Saturday, April 26, 2008

Report from Chicago's Artropolis

Here is a photo of my "Treatment Room" installation. Many thanks for all who helped with the final realization of this project. If you are in Chicago, please stop by to see me in booth # 8-5113. There was a nice article written about the installation in the Pioneer Press papers.....and an essay by Karen Sinsheimer, Curator of Photography at the Santa Barbara Museum of Art.

Rooms with a View to Healing
April 24, 2008
BY MYRNA PETLICKI Contributor for Pioneer Press

The psychiatrist's office may be a haven of healing for patients, but to those who have never been in therapy it's a place of mystery. Evanston social worker and award-winning photographer Jane Fulton Alt opens the doors to that world in "The Treatment Room" at Chicago's Merchandise Mart.

Alt's installation consists of a three-sided enclosure furnished like a therapist's office, including a Kleenex box. Lining the walls are photographs of Chicago-area psychiatric offices. The prints are small so that viewers must come close to see them. That seems appropriate in a setting designed for examination.

All of the photos are anonymous -- no faces are visible. You see waiting rooms, and treatment rooms with couches, comfortable chairs and, of course, those Kleenex boxes, but each office has unique aspects. One has a light box for patients affected with seasonal affective disorder. Another's bookshelf includes an anthology of poetry and works by Plato.

Collaborative work
"In some ways, this show is a little bit of a collaboration," Alt said, noting that her husband is a psychiatrist. "We've talked about it together and he has been very supportive."

The majority of the images were taken at psychiatrists' offices in Chicago, although there are photos of Alt's office, too. She is transporting her office furniture to the installation.

Alt, who has worked as a social worker for 35 years, began doing photography about 18 years ago. "When my youngest daughter reached first grade, I started taking classes at the Evanston Art Center in the different arts," Alt said. She wasn't immediately drawn to photography, though.

"I used to think that photography was for obsessive-compulsive people. I didn't understand it," Alt admitted. Then she began to see that photographic images could be powerful.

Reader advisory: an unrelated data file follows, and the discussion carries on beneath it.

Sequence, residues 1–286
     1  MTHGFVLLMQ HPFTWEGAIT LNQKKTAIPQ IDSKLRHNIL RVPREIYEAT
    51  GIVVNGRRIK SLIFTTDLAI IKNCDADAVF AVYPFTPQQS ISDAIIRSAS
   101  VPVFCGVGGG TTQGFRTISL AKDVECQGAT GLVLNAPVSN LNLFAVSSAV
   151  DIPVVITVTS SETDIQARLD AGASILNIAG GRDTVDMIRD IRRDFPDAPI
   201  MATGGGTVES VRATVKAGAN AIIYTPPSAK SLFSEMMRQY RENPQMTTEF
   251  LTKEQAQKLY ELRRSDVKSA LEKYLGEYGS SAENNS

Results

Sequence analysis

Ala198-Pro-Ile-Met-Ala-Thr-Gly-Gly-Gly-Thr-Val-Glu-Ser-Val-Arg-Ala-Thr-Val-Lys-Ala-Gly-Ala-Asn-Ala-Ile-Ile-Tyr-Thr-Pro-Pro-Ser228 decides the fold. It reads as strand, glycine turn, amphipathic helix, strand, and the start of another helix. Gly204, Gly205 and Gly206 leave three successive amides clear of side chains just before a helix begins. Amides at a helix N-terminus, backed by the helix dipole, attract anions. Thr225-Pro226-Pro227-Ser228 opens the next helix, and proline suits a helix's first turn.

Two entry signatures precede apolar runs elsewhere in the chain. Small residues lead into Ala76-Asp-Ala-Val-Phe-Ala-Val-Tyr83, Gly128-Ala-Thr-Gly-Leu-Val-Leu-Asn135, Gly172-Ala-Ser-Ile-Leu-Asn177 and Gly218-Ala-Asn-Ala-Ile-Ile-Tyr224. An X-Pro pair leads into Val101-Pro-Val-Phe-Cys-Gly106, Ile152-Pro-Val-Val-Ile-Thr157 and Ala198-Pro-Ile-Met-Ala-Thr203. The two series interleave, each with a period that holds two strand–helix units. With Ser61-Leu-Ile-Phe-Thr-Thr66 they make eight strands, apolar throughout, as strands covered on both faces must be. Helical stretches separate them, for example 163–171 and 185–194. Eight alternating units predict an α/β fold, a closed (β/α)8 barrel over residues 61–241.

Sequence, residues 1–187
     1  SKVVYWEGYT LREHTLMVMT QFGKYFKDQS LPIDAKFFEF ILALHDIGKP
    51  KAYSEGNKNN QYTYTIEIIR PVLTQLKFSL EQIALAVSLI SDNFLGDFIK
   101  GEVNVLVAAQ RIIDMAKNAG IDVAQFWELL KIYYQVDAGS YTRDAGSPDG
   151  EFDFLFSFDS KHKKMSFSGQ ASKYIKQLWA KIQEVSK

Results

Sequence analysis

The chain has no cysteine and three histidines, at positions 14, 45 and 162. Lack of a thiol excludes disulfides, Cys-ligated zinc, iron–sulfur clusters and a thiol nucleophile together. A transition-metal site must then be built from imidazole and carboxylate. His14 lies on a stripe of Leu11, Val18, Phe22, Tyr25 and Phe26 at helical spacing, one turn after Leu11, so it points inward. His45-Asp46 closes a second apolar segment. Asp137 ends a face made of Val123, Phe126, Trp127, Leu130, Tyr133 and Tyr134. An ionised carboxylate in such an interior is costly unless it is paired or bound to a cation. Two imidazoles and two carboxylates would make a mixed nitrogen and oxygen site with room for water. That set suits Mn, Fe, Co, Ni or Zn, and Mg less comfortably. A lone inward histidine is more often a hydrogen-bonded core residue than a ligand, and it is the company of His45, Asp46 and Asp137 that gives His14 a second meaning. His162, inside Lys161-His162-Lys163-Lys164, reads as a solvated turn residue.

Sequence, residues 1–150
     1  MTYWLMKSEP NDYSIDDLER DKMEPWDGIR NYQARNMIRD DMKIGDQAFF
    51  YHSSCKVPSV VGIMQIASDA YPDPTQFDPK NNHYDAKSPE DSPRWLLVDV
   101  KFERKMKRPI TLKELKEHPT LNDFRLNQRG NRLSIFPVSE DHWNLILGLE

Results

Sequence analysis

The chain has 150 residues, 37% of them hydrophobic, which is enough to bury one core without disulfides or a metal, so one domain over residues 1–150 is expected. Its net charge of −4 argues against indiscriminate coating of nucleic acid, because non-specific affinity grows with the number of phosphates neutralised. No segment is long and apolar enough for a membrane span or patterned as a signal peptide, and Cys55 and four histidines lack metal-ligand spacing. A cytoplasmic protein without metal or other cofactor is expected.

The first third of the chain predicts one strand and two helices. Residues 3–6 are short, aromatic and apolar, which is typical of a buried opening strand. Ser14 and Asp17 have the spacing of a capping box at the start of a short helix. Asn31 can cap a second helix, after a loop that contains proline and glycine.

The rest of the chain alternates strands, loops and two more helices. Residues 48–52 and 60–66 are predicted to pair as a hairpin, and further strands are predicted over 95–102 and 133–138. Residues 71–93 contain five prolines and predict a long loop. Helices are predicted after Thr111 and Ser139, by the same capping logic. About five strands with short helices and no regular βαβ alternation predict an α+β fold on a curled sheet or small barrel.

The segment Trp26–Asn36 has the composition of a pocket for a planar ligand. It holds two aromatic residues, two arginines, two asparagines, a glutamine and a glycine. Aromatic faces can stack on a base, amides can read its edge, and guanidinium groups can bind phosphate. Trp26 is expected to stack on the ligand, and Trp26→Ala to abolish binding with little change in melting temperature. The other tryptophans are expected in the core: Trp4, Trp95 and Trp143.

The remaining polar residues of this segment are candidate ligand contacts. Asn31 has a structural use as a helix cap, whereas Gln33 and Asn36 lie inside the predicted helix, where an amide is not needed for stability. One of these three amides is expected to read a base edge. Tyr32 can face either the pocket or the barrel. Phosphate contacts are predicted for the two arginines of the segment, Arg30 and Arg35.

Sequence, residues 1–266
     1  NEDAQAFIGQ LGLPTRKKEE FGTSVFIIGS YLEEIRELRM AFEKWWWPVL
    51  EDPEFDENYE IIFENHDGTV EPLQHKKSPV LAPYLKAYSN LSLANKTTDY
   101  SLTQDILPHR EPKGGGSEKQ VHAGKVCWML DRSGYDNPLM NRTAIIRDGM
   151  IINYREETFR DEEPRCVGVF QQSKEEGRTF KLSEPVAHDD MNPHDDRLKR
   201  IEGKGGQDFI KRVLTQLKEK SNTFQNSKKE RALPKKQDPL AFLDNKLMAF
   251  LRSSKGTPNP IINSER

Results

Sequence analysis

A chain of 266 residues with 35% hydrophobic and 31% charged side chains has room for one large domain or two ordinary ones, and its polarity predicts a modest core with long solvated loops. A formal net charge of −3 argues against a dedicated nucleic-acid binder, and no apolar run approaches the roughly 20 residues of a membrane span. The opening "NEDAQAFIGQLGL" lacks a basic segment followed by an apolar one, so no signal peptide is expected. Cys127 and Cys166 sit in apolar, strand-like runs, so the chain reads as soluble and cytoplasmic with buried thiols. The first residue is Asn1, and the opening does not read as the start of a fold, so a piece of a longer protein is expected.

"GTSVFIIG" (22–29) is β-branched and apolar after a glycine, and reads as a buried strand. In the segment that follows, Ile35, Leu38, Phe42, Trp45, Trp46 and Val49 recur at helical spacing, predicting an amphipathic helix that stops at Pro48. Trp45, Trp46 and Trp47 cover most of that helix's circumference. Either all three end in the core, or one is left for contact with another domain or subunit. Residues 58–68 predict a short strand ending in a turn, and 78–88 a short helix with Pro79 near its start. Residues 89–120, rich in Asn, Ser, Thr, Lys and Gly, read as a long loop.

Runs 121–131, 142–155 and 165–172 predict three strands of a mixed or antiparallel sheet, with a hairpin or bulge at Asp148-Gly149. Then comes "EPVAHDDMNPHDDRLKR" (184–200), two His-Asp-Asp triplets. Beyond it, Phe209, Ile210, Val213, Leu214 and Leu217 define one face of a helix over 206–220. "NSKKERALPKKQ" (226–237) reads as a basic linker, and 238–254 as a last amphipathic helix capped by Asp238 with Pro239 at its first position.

"It was easier for me to have access to what I wanted to say with a camera," Alt said, adding, "not that it was easy. It's never easy. You have to go through a lot of different renditions to get it right."

And Alt gets it right a lot.

An exhibit of Alt's photos of New Orleans following Hurricane Katrina, called "Look and Leave," was held at the DePaul University Art Museum in 2006.

"I think she's got an incredible eye," said art museum assistant director Laura Fatemi, who also praised the composition and clarity of Alt's images. "At the same time, there's sort of a mood that's captured in them, particularly with the Katrina pieces."

Documenting disaster
"After Katrina hit, I ended up volunteering as a social worker to go down there," Alt related. Working with the U.S. Department of Health and Human Services, she was assigned to a program called "Look and Leave."

"I went with people back to their homes for the first time, in the Lower 9th Ward," she said. "Because I was so overwhelmed with what I saw, I decided I needed to photograph it. Those images are some of the more powerful ones I've done."

Fatemi has seen the images in Alt's "The Treatment Room." "Again, it's a very timely topic," she said, adding that Alt is once more melding her social work with her photography. "That combination is a winner," Fatemi said.

Alt, who has taken photography courses at Columbia College and the Art Institute of Chicago, indicated some reservations about bringing her work life into her photography.

"I feel a little vulnerable because it's so out there," Alt admitted. "There are some images where I'm both the patient and the therapist." On the other hand, she said, "I feel really positive about the field, and I think the pictures reflect that."

Chicago Atropolis' The Artist Project, Booth No. 8-5113, 8th f loor, Merchandise Mart, Chicago. 6-9 p.m. Thursday, 11 a.m.-7 p.m. Friday and Saturday, 11 a.m.-6 p.m. Sunday and 11 a.m.-3 p.m. Monday, April 24-28. $20 one day pass, $25 multiday pass.

Essay by Karen Sinsheimer
Curator of Photography
Santa Barbara Museum of Art

If the all too-familiar piles of dated magazines and the nondescript chairs and lamp weren’t a give-away, the pleasant poster on the wall announces that the viewer is in a waiting room. It is the first image in Jane Fulton Alt’s powerful series, “The Treatment Room,” in which she visualizes the experience of being both client and clinician in pursuit of unlocking the secret spaces in an individual’s mind.

The myriad psychiatric offices Alt pictures are at once benign, banal, predictable…there is the proverbial couch…and homey, with a comforter and tissue box at the ready. Images of the appointment book and desk, the telephone and ever-present clock, along with books and lint rollers, orchids and ornaments, suggest nothing out of the ordinary. But the identities of the humans present are concealed, portrayed only by gestural postures and details that reveal who is patient, who is therapist. The sense of secrecy and intimacy builds as one realizes that these rooms contain and protect longing, anguish, cruelty, disappointment, yearning and hope.

These are powerful places indeed and Jane Fulton Alt’s images suggest the inherent tension, companioned with the feeling of safe haven, that these spaces – and the clinicians – offer.

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